Updated: Sep 13, 2020
Date: 16th November 2019, Saturday
There was a tour bus service (Line E) by Taiwan Trip (台湾好行) on Kinmen Island to bring visitors to see various Wind Lion Gods (风狮爷) statues around the central and northeastern parts of Kinmen where most of the statues were located. The tour bus would ferry visitors to each Wind Lion God location, allow few minutes for photo-taking, then back to the bus and head for the next one. There were two routes to find a total of 31 statues — the tour bus would use half a day for each route. However, the service operated from Shanwai Station (山外车站) and only on Saturdays.
It was a Saturday this day. Instead of getting up early to take a bus from Jincheng Bus Station to Shanwai Bus Station and change to the Line E tour bus by 8:25am, I opted to do something different. I decided to cycle around Jincheng Township and hunt down each Wind Lion God myself at my own leisure pace. The route would be different from the tour bus service and the set of Wind Lion God statues that I would find would be different too. I preferred the exploration-style adventure instead of a quick-way to photograph 31 statues in a day — that was for tourists.
And my little adventure would be different from others.
To start the day, I went to Hong Ya Burger (弘爷汉堡), which was just a stone throw from Backpack Home 497, for a typical Taiwanese-style breakfast. I ordered a chicken burger and hot corn soup. The latter was a Taiwanese favourite.
Then I went back to the hostel to borrow a bicycle. It was not in tip-top conditions, a little rickety, but was free and usable. Bicycle rental services had literally died out for some reasons on Kinmen, which had encouraged eco-tourism using bicycles for many years. I hardly saw anyone on bicycles for the last two days. Most Taiwanese tourists preferred to use scooters to get around these days but foreigners would require appropriate licenses to ride them.
Anyway, my cycling-cum-hunting-adventure began. First thing was to get out of Jincheng Town. There were many vehicles on the roads and scooter riders were traveling in any directions they like. At some road junctions without traffic lights, I had to circle around them so I could get across. It took a while to exit the town.
Once out of Jincheng town, the journey became easier with much fewer vehicles — it felt as if my grandfather owned the roads. And I did not encounter another cyclist this whole day. I headed for the nearest Wind Lion God to Jincheng town. Noted that it was a cloudy day.
Two kilometres later at Xiashu (夏墅), I found Xiashu Wind Lion God (夏墅风狮爷) in the courtyard of a residence. I took a photo of the statue from outside the compound and continued to the next one.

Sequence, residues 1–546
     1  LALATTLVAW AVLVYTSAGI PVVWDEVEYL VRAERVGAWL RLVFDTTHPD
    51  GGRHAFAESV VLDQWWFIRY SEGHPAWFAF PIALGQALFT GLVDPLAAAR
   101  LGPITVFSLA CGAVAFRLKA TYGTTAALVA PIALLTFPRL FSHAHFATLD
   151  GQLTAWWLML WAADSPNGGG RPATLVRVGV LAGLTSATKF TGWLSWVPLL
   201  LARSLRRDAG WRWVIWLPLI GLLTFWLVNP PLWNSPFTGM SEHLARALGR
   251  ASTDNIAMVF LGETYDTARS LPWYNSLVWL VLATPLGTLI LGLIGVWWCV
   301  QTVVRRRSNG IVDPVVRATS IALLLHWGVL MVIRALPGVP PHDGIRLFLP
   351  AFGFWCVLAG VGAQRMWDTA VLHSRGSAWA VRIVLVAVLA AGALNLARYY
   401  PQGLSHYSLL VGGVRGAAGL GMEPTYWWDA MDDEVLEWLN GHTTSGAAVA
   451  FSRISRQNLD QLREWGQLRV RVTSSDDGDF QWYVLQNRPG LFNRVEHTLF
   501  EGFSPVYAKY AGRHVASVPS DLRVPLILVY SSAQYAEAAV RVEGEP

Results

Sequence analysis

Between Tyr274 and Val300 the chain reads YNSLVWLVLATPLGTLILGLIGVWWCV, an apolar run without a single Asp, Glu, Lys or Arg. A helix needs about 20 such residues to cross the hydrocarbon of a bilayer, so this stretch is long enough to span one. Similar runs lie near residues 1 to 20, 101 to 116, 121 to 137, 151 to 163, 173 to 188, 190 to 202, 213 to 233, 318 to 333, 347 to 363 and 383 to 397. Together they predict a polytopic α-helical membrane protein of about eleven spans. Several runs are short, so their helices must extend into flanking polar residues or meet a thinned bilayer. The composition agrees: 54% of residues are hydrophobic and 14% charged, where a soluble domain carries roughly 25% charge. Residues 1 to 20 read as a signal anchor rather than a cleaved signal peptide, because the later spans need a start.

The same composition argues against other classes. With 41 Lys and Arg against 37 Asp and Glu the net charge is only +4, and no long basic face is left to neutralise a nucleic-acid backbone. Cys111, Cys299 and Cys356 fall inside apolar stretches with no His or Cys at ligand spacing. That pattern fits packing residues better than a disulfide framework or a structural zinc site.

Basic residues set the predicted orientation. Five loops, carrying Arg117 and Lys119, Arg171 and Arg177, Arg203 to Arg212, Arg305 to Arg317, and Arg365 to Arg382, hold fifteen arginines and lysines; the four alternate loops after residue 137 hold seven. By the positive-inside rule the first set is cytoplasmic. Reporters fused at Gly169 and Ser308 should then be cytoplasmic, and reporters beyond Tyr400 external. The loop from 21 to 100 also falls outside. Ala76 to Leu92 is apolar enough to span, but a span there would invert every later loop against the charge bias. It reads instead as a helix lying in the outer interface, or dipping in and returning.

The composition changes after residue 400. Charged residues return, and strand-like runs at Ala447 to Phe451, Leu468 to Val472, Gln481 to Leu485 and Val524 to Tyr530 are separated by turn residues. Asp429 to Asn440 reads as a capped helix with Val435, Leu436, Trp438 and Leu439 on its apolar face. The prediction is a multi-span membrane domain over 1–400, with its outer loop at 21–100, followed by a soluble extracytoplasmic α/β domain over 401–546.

(I found a total of 10 Wind Lion Gods on this cycling tour around Jincheng and Jinning townships. To avoid an overly long account on each of the statues in this post, I created a separate post solely on the Wind Lion Gods hunting-adventure, along with detailed routes and map on each of their locations. I will focus on other sights along the journey in this post.)
I wanted to focus on finding the statues and skipped a short detour to visit Jiangong Islet (建功屿) near Xiashu village — it was a mistake as I missed the low-tide window to walk across the sea to the islet. I did come back on Day 4 on a last-minute attempt but still missed the opportunity to get on the islet.
On the way to the second Wind Lion God at Guanlubian village (官路边), there are more sorghum paddy fields by the road sides. They were much larger than the sorghum fields I saw on Little Kinmen on Day 2.
After finding Guanlubian Wind Lion God (官路边风狮爷), I came to a small temple where Kinmen City Wind Lion God (金门城风狮爷) was located. Opposite the temple was Ming Yi Old Street (明遗老街) that was seldom mentioned in travel guides. This 400-year-old street from the Ming Dynasty was the oldest street on Kinmen. Three of the units were converted to museums for travellers to know more about the old street's history. A renovated pathway led to the North Gate (北门).
Seeing that the old street was devoid of people during the off-peak season, I decided to continue on my journey to seek out the Wind Lion Gods instead of detouring to the old city gate.
Next was Gugang Wind Lion God (古岗风狮爷) standing at a road junction. Just a short distance after the junction was a small field of rosella plants.
When I was taking photos of the red plants, a local man rode by on a scooter and pointed out several peacocks beyond the rosella field to me. He rode off before I could thank him. What a surprise!
The next stop was at Guanli (官里), where Guanli Wind Lion God (官里风狮爷) was. Most of the houses in the village were well-preserved and still featured the traditional Minnan-style swallow-tail design on the rooftops.